Tai Chi for Physical  Health

The numbers are staggering – one in five – as to how many of us suffer from back pain. In a recent worldwide, back pain is the cause which most often disables us from enjoying daily living while causing many of our work absences too.  As we age, the poor postures, weak core muscles, and poor use of our bodies or what we call biomechanics catch up with us.

Medication provides temporary relief from back pain while prevention and true relief from lower back pain means we need to be more aware of how we use our body and strengthening our core muscles.Tai chi is low impact, slower in motion and pain free exercise with huge gains in strengthening the stabilizer muscles of our body’s core as reported in Harvard Health Publications.

When we understand the typical reasons for back pain, we can avoid back muscle strains by strengthening our bodies so these maneuvers are less likely to affect us. 

Tai Chi Movements Reinforce Proper Posture and Support for the Spine

 

You may be practicing poor standing or sitting habits which lead to poor posture.  Do you stand or sit with rounded shoulders, stand with your gut sticking out, slouch when sitting, lean on one leg while standing, stick your chin forward when typing at a computer?  Having any of these and other poor postures causes overuse of some muscles and under use of other muscles.

To return our bodies to proper alignment again, we need to strengthen the muscles weakened by poor posture which are typically the stabilizer muscles of the body.  In tai chi, alignment and posture is fundamental to every movement.  Maintaining the 5 bows structure in our body is one of the key requirements throughout all the movements. The 5 Bows structure is something each person works to maintain not only when standing still but through a wide variety of motions.  By doing this we re-train our body for proper posture through a spectrum of movements and poses which allows these new found postural habits to carry over into our daily lives.

Tai Chi is a Core Work Out for the Stabilizer Muscles

The 5 Bows structure creates a gentle stretch of our core muscles as well as joints of the vertebrae or spine.Stretching and strengthening core muscles is necessary for a healthy and happy spine. Tai chi engages and demands a wide range of muscles to sustain, extend and contract through a wide range of open and closed body positions.  Unlike power muscles, core / stabilizer muscles don’t need to be bulked up with heavy weights used to isolate a specific muscle. Instead, they need to be challenged in a wide range of positions as a group of muscles.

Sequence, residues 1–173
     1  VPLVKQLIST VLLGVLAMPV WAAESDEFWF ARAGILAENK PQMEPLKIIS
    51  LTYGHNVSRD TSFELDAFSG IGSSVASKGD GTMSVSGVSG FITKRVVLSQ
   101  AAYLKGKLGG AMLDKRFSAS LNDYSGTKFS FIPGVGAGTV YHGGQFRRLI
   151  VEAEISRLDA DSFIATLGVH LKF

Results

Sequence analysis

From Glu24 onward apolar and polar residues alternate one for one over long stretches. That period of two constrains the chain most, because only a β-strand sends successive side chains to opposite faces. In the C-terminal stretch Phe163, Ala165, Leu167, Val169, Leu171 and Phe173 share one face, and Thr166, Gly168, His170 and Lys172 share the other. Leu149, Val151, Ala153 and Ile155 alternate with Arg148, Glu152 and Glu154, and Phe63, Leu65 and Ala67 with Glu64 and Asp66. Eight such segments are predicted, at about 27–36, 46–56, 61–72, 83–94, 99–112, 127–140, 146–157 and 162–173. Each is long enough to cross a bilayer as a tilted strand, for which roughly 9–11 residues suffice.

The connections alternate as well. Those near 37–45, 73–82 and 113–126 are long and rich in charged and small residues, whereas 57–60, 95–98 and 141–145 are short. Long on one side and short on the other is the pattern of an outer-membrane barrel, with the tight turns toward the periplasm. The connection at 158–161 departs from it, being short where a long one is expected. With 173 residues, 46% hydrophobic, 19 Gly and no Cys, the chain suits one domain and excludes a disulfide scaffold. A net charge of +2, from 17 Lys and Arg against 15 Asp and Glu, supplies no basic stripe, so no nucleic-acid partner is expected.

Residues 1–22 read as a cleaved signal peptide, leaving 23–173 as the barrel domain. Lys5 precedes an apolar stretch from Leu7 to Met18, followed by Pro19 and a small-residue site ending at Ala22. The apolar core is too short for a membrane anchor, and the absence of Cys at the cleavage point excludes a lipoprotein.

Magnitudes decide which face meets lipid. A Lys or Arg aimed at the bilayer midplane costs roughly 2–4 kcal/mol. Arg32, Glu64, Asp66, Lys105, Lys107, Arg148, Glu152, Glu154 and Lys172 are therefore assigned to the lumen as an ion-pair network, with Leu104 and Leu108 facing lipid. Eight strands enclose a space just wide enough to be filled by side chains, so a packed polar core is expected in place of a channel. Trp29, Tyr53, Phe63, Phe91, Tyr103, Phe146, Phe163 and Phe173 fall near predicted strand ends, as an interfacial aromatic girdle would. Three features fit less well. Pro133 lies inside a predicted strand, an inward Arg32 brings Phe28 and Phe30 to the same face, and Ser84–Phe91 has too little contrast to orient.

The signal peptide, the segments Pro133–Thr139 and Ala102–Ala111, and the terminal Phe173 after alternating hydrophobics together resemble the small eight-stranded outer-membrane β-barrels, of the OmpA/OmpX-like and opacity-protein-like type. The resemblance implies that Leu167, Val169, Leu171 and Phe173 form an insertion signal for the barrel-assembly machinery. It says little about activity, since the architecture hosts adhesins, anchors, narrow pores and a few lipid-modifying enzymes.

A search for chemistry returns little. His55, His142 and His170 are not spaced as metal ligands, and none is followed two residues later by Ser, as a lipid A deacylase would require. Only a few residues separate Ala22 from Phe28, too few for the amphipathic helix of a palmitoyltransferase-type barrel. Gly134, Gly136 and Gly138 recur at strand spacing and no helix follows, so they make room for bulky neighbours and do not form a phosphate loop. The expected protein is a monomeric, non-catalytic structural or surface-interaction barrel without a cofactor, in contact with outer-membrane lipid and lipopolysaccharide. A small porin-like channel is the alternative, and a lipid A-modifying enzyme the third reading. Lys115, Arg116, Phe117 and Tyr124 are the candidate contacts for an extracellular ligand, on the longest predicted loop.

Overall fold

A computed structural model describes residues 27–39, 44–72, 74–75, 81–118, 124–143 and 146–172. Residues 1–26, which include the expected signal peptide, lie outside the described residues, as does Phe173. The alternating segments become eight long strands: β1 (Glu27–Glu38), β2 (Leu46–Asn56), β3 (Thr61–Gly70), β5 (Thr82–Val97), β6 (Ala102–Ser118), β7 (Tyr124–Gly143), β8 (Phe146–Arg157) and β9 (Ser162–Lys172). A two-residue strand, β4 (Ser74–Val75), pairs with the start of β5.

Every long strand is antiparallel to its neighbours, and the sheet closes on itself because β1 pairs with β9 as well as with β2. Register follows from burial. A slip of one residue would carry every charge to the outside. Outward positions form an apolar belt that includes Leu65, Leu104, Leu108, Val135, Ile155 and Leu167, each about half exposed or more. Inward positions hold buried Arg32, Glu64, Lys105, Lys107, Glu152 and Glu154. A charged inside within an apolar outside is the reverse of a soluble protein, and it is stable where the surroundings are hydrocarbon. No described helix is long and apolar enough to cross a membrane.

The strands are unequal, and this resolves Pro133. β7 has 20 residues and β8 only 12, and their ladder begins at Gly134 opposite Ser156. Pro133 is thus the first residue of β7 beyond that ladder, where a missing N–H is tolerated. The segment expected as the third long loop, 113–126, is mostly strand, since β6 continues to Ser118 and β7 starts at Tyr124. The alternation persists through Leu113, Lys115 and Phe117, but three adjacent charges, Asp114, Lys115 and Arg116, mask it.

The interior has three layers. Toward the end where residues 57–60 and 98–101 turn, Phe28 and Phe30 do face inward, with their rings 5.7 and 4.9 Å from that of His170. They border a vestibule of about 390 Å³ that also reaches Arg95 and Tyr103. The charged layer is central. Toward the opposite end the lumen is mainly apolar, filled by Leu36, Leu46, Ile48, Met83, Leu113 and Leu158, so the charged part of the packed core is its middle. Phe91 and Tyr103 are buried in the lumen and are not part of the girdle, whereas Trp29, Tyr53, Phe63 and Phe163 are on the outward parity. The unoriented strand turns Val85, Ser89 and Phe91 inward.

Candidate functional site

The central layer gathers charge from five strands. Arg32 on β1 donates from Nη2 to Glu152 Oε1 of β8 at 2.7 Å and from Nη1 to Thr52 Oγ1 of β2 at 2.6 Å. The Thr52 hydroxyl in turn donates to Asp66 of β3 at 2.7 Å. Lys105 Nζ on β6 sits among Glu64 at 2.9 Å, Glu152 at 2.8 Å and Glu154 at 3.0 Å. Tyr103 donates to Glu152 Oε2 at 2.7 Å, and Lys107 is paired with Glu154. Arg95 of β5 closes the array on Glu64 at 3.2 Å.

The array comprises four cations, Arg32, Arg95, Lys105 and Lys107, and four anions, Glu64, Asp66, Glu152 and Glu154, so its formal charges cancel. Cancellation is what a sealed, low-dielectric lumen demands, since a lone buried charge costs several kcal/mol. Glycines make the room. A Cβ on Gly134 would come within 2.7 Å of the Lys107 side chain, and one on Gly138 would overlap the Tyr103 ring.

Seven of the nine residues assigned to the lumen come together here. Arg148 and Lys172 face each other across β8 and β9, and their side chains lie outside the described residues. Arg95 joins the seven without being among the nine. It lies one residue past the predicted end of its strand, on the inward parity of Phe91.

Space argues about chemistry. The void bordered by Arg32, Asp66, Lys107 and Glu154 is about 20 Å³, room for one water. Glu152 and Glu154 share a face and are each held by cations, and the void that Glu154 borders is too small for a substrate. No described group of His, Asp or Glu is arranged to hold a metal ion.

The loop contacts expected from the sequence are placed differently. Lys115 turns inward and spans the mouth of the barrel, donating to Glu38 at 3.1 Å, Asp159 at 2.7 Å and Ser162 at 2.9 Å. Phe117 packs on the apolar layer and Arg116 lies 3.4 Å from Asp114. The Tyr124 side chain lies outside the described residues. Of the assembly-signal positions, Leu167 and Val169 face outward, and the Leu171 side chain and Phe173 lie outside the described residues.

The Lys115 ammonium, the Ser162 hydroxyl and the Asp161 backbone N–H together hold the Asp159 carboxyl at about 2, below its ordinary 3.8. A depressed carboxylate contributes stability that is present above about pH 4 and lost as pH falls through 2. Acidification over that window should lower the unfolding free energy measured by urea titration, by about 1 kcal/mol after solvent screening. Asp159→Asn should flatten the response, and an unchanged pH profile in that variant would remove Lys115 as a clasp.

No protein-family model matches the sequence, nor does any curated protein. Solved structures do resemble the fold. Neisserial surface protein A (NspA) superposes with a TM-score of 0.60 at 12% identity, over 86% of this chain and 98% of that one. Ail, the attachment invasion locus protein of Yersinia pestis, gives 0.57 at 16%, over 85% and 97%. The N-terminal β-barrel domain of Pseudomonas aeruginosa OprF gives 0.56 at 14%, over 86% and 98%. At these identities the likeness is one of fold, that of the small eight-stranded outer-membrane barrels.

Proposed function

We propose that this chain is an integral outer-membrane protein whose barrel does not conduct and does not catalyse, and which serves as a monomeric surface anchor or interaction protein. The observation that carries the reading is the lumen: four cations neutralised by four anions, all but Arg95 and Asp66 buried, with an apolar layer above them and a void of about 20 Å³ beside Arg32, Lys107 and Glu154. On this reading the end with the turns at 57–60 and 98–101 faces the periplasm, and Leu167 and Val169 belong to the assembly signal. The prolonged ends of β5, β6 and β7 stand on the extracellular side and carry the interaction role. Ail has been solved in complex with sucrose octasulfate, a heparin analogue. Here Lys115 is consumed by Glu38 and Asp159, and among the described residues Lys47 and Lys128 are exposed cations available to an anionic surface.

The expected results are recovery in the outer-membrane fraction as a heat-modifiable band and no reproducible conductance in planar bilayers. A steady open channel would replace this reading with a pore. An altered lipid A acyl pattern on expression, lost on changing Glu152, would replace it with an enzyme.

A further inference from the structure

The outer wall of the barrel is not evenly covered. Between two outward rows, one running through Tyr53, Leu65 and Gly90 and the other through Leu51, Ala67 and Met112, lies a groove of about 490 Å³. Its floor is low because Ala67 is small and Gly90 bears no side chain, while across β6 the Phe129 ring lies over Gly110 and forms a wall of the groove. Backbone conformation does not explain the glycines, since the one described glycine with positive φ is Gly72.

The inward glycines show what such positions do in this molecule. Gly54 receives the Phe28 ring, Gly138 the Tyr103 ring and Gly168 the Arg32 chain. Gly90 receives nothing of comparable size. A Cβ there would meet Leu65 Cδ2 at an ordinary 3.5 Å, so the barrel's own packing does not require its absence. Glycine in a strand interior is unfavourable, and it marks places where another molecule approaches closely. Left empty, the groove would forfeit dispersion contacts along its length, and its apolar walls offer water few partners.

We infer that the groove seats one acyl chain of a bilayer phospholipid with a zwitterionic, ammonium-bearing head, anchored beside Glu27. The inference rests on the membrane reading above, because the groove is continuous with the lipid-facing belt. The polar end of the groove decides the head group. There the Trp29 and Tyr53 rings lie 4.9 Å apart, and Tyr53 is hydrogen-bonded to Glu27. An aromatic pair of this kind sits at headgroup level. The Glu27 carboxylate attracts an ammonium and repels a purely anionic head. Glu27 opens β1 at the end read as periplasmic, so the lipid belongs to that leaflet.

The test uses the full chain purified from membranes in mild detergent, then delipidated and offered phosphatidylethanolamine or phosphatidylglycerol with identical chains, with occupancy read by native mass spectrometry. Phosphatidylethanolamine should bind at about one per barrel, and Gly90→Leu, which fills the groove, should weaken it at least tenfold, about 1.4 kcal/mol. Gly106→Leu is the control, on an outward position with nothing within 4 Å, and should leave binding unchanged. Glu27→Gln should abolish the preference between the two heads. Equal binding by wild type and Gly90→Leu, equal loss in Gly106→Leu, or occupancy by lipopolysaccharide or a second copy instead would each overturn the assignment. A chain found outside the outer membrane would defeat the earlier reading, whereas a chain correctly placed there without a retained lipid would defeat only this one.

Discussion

This is exactly why the slow sustained motions of tai chi are so effective not only for working out our stabilizing core muscles but for burning many calories by using multiple muscles and muscle groups simultaneously.

Practice with Proper Techniques to Avoid Back Injuries

 

Many back injuries or strains are caused by bending our backs and then twisting, or bending our backs and then lifting. The core muscle work out of tai chi improves the strength of not only core but the lower body muscle groups as well so that we are better able to bend or rotate appropriately at the pelvis instead of  twisting or hyper-extending  the back.

The 5 Bows structure maintains our strength, eliminates stress on our joints or vertebrae while engaging the many stabilizer muscles.  By training our bodies to leverage the full support of core muscles, we’re able to avoid many back injuries and live pain free.

Mindfulness & Body Awareness Engages the Body Purposefully

 

Very often we hurt our backs doing something simple because we are not paying attention to what we’re doing. Tai chi practice trains our minds to focus on movement.  Our balance improves, our footwork increases in sensitivity and our muscles become ingrained with new movement patterns due to slower sustained motions which culminate in deep learning results. 

Not only is focusing in on our bodies and letting go of our daily stresses great for our mental health but unconsciously, our mind and body become more consciously connected when we move in a highly conscious and purposeful way. After a while, whether we think about it or not, our bodies will use these new connections and patterns unconsciously during daily routines.

Harvard Medical lists tai chi as one of the top exercises for improving balance and proprioception. Proprioception is the awareness of our body in space. Awareness is key to avoiding falls and unwanted twists or turns to our back muscles.

Choose Sustained Lower Intensity Exercise to Improve Core Muscles

 

Many people remain physically inactive for long periods of time and then engage in sudden bursts of workout.  While there may be some value in power burst work outs for weight loss, regular exercise is best for overall health.

When we’ve been sedentary for long periods of time, burst work outs can be a recipe for injuries and muscle strains. Weak or disengaged core muscles can result in back pain from these sudden bursts of physical activity.  If you want to engage in burst workouts, start by assuring your body is fit enough to engage in sudden and intense work outs.  A good tai chi routine of practicing 2 or 3 times a week is a great basic fitness program or cross-training program for athletes who regularly participate in powerful and highly explosive sports.

It may not provide the burn of a weight training session or an aerobic workout, but after a few weeks, you’ll wonder where you got the sudden burst of power with the same old training program or daily routines.

How does tai chi help to prevent further back pain?

 

Let’s review the typical core muscles. They include our diaphragm, pelvic muscles, lower abdominal muscle as well as our small spine muscles. These are not the muscles we think of when we think of working out to get stronger which is why improving our core strength is somewhat elusive for many of us.

Tai chi involves relaxation of the abdominal muscles which promotes deep, natural breathing to strengthen the diaphragm; focus on initiating movement from our core known as dan tian in tai chi which strengthens abdominal and pelvic floor muscles; and finally, movements which reach up, down, and rotate around the centre axis to stretch and strengthen our small spine muscles in all directions.

With a regular tai chi work out, gain stretch and strength to avoid injuries and relieve back pain, build body awareness as well as improved body mechanics so daily routines remain enjoyable, relaxing and injury free.  Tai chi is undoubtedly one of the best exercises for prevention and relief of back pain.

Strengthen and Protect Knee Joints with Tai Chi

Many of us suffer with knee pain, whether due to injury or aging. Poor alignment of the spine, hips and feet also contribute to knee pain. When dealing with joint pain, our first thought is usually to rest the joint. While immobilization may be useful immediately following an injury, the truth is that a lack of mobility puts the joint at risk of sustaining greater damage.